Complaints grow as fertiliser crisis worsensThe current stock is not enough to fulfil farmers' demand, say the local units' heads.
The winter wheat sowing season has begun but farmers in Saptari have been facing a shortage of chemical fertiliser amid poor supply arrangements by the government.
On Sunday, the head of all 18 local units of Saptari district in Madhesh Pradesh issued a memorandum to the prime minister through the chief district officer to provide fertilisers immediately.
According to them, the law doesn’t allow local units to procure and supply chemical fertiliser.
“The agricultural production has been decreasing in Saptari due to the scarcity of chemical fertilisers,” said Bidhyananda Chaudary, the chairman of Chhinnamasta Rural Municipality. “We have submitted a memorandum to the prime minister to manage the supply of chemical fertiliser at the earliest,” he said.
“The federal government should be more serious about the issues of farmers.”
Situated in the southeastern plains, around 81,668 hectares of land in the district is arable.
Though the annual demand for fertiliser in the district stands at around 23,857 tonnes of urea, 12,784 tonnes of diammonium phosphate (DAP) and 9,024 tonnes of potash, the Krishi Samagri Company Limited and Salt Trading Corporation have only received 283 tonnes of urea, 409 tonnes of DAP and 84 tonnes of potash to distribute to farmers in the district for planting winter crops.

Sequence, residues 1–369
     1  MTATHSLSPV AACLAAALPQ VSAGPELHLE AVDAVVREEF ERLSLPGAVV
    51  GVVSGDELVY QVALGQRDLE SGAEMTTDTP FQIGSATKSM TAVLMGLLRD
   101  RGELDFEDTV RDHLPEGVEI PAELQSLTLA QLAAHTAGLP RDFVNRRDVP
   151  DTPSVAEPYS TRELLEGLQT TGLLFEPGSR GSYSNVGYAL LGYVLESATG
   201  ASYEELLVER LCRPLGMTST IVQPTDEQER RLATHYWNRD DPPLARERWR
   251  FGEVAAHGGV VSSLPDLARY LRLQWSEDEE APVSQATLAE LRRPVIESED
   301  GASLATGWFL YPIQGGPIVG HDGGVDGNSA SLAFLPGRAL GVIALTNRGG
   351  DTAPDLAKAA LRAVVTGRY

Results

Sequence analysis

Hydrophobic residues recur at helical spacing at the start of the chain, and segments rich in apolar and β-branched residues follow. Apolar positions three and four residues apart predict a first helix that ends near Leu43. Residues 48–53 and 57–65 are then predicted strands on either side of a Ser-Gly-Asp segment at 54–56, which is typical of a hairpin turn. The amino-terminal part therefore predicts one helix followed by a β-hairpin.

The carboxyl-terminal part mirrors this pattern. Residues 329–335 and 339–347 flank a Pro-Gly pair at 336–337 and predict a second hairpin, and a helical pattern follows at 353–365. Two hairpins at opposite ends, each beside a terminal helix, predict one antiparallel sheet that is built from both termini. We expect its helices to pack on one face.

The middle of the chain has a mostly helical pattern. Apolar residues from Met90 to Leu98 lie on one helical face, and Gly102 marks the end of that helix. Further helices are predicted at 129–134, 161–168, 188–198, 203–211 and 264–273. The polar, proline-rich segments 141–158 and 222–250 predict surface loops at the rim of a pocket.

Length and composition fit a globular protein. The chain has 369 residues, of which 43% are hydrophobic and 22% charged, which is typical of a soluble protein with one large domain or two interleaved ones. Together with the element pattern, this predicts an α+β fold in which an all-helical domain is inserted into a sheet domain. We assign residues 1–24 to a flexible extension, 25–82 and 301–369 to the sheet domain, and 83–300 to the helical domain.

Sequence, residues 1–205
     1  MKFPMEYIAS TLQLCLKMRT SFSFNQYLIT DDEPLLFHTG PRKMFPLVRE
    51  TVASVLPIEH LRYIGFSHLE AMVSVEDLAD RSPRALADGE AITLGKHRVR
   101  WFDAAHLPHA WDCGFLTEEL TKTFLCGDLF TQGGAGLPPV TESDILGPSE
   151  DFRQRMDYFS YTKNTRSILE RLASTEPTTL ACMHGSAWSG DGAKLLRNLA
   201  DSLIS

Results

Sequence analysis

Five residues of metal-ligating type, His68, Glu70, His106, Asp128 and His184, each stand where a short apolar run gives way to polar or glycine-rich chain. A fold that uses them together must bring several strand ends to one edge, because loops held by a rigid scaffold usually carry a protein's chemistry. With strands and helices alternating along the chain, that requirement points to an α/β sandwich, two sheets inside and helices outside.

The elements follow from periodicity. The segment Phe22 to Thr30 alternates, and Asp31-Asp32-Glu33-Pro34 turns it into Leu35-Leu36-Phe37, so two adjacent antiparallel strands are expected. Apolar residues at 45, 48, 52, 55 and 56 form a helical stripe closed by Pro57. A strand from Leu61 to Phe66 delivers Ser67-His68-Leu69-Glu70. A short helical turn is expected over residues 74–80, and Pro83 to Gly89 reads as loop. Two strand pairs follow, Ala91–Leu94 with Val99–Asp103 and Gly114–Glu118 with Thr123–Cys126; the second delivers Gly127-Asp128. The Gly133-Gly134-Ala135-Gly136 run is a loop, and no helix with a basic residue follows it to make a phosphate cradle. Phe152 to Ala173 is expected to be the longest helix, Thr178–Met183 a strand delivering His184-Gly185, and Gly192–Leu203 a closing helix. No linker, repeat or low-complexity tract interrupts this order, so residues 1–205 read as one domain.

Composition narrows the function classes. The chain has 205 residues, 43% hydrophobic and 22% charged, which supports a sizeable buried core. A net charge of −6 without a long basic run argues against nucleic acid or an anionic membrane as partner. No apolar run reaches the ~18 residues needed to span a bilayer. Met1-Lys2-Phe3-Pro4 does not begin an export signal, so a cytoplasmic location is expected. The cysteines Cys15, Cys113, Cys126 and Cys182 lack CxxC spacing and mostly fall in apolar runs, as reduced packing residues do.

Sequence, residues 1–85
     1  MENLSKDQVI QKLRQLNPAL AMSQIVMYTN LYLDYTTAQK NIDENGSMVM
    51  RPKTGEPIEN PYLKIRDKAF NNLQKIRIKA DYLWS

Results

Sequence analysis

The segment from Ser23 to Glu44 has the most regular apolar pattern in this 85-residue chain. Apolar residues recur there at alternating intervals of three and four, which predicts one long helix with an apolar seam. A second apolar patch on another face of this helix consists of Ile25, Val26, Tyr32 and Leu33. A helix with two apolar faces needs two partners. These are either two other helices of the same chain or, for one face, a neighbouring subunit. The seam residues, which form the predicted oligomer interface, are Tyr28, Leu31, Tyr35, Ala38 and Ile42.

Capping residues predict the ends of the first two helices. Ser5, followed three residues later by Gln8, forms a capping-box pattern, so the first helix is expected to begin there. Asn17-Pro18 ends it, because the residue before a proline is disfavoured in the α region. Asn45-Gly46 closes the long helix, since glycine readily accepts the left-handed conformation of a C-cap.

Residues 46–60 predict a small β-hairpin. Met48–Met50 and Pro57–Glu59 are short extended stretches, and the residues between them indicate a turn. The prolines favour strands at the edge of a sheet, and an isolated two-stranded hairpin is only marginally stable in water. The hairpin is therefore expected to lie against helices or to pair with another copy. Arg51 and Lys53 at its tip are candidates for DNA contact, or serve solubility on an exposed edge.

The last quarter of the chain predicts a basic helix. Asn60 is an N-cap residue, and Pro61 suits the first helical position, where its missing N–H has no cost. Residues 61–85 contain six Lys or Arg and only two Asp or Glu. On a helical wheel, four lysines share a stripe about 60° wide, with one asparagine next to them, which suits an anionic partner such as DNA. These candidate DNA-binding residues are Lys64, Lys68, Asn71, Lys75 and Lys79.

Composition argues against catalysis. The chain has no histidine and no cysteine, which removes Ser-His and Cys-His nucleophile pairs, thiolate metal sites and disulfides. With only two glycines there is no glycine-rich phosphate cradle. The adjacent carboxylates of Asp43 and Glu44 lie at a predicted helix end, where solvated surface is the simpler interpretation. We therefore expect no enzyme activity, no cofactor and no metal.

The current stock is not enough to fulfil farmers' demand, say the local units' heads.
“We want the provincial and federal governments to manage the supply of required fertilisers,” they said. “The inadequate fertiliser supply will result in reduced harvest and push the farmers into hunger and poverty.”
“While some farmers have been compelled to leave their fields uncultivated, those who have sowed the crop are also likely to be at loss due to the unavailability of fertilisers,” said Birandra Majhi, mayor of Hanumannagar Kankalini Municipality.
“The federal and provincial governments should take responsibility in case the wheat crop is affected this season.”
Nepali farmers had to suffer in the monsoon after the government failed to supply adequate fertilisers in the peak paddy transplantation period. Officials say Nepal may see a reduced output due to a severe fertiliser shortage. The harvest has already started.
As farmers rush to plant their winter crops—wheat, maize, mustard and pulses—with the chill setting in, several districts across the country are reporting shortages of chemical fertiliser, particularly urea.
The newly elected representatives for federal and provincial assemblies from the district, heads of the local units and other concerned stakeholders have decided to meet on Tuesday to discuss the fertiliser issue.